Private Practice Perspectives

Establishing a formalized mentorship program in a community practice


Most GI physicians will tell you that we didn’t get where we are without help along the way. Each of us can point to one – or in most cases, several – specific mentors who provided invaluable guidance when we were in medical school, fellowship, and starting our careers. This is true for gastroenterologists across the spectrum, whether they chose careers in private practice, academic medicine, or within a hospital system.

The leadership at Atlanta Gastroenterology Associates, where I practice, has always recognized the importance of mentorship and its role in developing fulfilling careers for its physicians and a healthy practice culture in which people feel valued and supported. But only recently have we begun to create a formalized program to ensure that everyone has access to mentors.

Dr. Marc Sonenshine

Dr. Marc Sonenshine

When I started my career, formalized programs for mentorship did not exist. While I reached out to various doctors in my office and the senior partners throughout the practice, not everyone is comfortable proactively reaching out to ask practice leadership for help and guidance. And as independent GI practices continue to get bigger, there may not be as many opportunities to interact with senior leadership or executives, which means new associates could be left to “cold call” potential mentors by phone or email.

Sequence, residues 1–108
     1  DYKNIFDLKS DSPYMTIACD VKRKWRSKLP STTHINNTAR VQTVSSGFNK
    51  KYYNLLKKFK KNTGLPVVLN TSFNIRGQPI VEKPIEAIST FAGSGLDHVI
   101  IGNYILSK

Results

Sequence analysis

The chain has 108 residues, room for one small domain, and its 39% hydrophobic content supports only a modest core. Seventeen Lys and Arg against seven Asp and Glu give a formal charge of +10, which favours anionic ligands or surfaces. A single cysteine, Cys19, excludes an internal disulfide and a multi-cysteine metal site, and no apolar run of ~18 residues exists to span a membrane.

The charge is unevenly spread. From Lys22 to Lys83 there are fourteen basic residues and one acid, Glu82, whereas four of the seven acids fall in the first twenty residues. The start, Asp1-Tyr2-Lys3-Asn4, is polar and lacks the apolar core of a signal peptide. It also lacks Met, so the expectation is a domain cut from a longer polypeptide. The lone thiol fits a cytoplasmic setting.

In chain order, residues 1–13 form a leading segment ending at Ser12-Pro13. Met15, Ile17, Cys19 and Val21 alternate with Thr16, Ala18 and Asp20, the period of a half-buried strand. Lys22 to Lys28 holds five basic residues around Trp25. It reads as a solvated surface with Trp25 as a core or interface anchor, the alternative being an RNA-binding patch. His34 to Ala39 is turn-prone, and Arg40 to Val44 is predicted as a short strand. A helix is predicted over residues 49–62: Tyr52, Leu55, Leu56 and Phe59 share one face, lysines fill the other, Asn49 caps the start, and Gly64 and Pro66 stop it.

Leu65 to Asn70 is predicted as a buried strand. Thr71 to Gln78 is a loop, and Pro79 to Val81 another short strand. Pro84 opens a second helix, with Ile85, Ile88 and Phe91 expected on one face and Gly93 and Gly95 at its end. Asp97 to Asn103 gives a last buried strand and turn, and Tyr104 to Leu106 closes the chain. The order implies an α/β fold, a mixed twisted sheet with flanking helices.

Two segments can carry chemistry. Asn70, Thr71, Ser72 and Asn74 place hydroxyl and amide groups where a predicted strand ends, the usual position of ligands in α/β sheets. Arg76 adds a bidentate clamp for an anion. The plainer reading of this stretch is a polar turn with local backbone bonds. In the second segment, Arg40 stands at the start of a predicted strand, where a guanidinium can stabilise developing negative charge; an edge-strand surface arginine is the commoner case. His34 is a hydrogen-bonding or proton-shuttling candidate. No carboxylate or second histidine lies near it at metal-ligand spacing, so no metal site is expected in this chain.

New associates face many challenges

When I was an associate, the path to partnership looked much different than it does in our practice now, and it definitely varies from practice to practice. In our practice, physicians remain associates for 2-3 years before they have the option to become a partner. As they work diligently to provide the best care to patients, new associates face many challenges, like learning how to build a practice and interact with referring physicians, understanding the process to become a partner, and figuring out how to juggle other commitments, such as the balance between work and home life.

Then there are things like buying a home, getting life and disability insurance, and understanding the financial planning aspects of being a business owner. For those whose group model requires buying into the practice to become a partner, medical school doesn’t teach you how to analyze the return on an investment. Providing access to people who have this experience through a mentorship program can help associates be more prepared to become partners, and hopefully be happier and more successful while doing so.


Next Article: